Two black men arrested in Starbucks to meet with CEO

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“We’re going to occupy space, we’re going to make it very uncomfortable until they make changes and until specifically they meet the demands we set forth,” Robin added.

Another protester, Abdul-Aliy Muhammad, toldthe AP, “We don’t want this Starbucks to make any money today. That’s our goal.”

Because of the protests, the store was eventually closed and its shades drawn, but it was expected to reopen later Monday, according to NBC Philadelphia.

Johnson, the Starbucks CEO, was in Philadelphia Monday afternoon, where he met with Mayor Jim Kenney and other city leaders.

Kenney told reporters after the meeting that he was happy that the company met with officials and that Starbucks was “contrite.”

“They’re going to examine their guidelines and make sure that this doesn’t happen again and they were very contrite and sorry for what happened and we’ll work with them going forward,” he added.

Councilman Kenyatta Johnson said during a news conference that he would “wait and see” if the company actually implemented change.

“To me it was all lip service. I’m not sold,” he said.

The councilman, who is black, added that he wanted to “see an actual plan” to ensure that people could go to Starbucks “without fear of being targeted because of their skin color.”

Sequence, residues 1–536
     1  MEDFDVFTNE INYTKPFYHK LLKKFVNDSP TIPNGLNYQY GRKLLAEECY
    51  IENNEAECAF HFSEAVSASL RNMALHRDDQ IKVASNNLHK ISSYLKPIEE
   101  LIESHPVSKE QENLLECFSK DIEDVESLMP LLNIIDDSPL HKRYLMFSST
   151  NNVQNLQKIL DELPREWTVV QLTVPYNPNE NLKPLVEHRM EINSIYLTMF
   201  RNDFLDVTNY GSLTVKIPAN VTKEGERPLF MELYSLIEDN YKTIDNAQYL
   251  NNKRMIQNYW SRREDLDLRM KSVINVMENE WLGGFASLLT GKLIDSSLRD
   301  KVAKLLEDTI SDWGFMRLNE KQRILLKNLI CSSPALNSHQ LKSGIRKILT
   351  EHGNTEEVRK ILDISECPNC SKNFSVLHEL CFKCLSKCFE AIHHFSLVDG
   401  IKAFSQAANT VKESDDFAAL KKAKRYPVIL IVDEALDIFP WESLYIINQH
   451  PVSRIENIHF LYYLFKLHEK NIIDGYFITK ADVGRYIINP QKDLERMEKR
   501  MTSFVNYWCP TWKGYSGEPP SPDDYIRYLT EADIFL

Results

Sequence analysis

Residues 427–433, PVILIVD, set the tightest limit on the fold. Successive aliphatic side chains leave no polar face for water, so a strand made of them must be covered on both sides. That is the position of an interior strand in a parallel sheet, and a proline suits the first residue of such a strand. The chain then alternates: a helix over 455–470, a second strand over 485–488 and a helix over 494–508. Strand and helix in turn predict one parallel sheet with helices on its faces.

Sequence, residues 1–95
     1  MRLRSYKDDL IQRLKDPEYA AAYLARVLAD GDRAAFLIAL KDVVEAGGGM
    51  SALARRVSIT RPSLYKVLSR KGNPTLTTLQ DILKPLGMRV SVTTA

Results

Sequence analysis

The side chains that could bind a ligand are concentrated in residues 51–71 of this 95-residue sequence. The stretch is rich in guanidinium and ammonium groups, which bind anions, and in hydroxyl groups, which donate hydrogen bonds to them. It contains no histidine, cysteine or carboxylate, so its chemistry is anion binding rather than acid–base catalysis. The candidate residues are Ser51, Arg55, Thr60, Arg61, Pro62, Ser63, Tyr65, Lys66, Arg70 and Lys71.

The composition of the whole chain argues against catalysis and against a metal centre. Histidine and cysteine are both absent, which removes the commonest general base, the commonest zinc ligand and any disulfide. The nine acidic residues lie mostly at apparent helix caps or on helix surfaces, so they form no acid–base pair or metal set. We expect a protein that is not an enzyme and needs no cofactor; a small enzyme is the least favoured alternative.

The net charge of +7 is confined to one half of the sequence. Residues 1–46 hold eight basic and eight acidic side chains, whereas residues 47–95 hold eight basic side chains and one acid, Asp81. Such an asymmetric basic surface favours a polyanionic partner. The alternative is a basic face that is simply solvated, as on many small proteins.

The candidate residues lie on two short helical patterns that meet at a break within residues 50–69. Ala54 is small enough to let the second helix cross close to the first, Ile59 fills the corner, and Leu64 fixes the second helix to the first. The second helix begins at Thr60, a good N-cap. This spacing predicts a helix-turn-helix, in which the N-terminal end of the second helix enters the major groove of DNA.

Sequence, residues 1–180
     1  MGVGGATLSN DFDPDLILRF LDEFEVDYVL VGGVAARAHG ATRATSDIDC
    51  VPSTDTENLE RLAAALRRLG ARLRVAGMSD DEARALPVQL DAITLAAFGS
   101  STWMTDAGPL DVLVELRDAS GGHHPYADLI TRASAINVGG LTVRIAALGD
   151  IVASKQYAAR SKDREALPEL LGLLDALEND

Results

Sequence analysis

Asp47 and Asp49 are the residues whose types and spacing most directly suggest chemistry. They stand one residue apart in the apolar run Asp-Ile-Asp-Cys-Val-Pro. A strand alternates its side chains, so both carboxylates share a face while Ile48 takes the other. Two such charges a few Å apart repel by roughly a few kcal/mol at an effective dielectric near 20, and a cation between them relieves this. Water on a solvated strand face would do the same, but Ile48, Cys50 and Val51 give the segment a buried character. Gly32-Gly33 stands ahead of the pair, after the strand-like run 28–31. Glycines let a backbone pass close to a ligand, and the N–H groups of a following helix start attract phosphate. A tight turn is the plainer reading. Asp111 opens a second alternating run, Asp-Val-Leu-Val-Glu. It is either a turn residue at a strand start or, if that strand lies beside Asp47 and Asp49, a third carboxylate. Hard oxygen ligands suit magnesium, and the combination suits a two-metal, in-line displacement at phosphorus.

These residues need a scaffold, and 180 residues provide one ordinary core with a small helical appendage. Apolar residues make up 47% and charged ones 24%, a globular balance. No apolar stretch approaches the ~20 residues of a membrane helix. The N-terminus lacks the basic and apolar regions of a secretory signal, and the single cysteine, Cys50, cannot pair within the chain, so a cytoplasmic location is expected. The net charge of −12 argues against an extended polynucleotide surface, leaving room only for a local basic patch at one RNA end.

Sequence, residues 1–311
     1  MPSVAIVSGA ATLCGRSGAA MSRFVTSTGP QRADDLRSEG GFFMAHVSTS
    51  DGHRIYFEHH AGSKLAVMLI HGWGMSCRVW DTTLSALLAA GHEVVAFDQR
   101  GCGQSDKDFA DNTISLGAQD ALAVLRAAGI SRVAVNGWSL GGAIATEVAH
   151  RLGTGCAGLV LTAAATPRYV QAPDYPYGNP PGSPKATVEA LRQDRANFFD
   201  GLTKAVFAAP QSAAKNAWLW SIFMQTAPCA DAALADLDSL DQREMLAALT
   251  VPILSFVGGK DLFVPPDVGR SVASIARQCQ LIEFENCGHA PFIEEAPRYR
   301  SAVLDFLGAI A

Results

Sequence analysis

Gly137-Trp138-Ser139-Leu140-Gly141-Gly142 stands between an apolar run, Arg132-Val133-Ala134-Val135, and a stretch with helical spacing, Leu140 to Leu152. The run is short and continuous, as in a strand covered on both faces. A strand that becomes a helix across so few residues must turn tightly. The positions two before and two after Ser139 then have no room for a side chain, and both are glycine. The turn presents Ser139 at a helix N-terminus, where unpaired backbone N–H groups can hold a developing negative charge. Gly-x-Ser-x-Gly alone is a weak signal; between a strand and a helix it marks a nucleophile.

Also on Monday afternoon, the National Association for the Advancement of Colored People said in a statement that the arrests represented “another ominous signal on the increasingly dangerous environment for African-Americans.”

“The Starbucks situation provides dangerous insight regarding the failure of our nation to take implicit bias seriously,” the NAACP said.

On Sunday, demonstrators carried megaphones and signs with phrases like “Too Little Too Latte” and confronted the employees behind the register, according to NBC Philadelphia.

 Black Lives Matter activist Asa Khalif protests inside a Starbucks on Sunday in Philadelphia. Michael Bryant / Philadelphia Inquirer, via AP

Philadelphia Police Commissioner Richard Ross, who is black, said Saturday that the men hadn’t purchased anything and refused to leave, which led to the arrest. The men were eventually let go after about eight hours in police custody; Starbucks did not press any charges.

Michelle Saahene, who witnessed the incident, told NBC News on Sunday that after the men were not permitted to use the bathroom because they had not purchased anything, they sat at a table silently while using their phones as they waited for a friend.

“The cops were asking them to leave because they weren’t purchasing anything,” Saahene said. “This is a Starbucks. Since when are people asked to leave a Starbucks who are just sitting there?”

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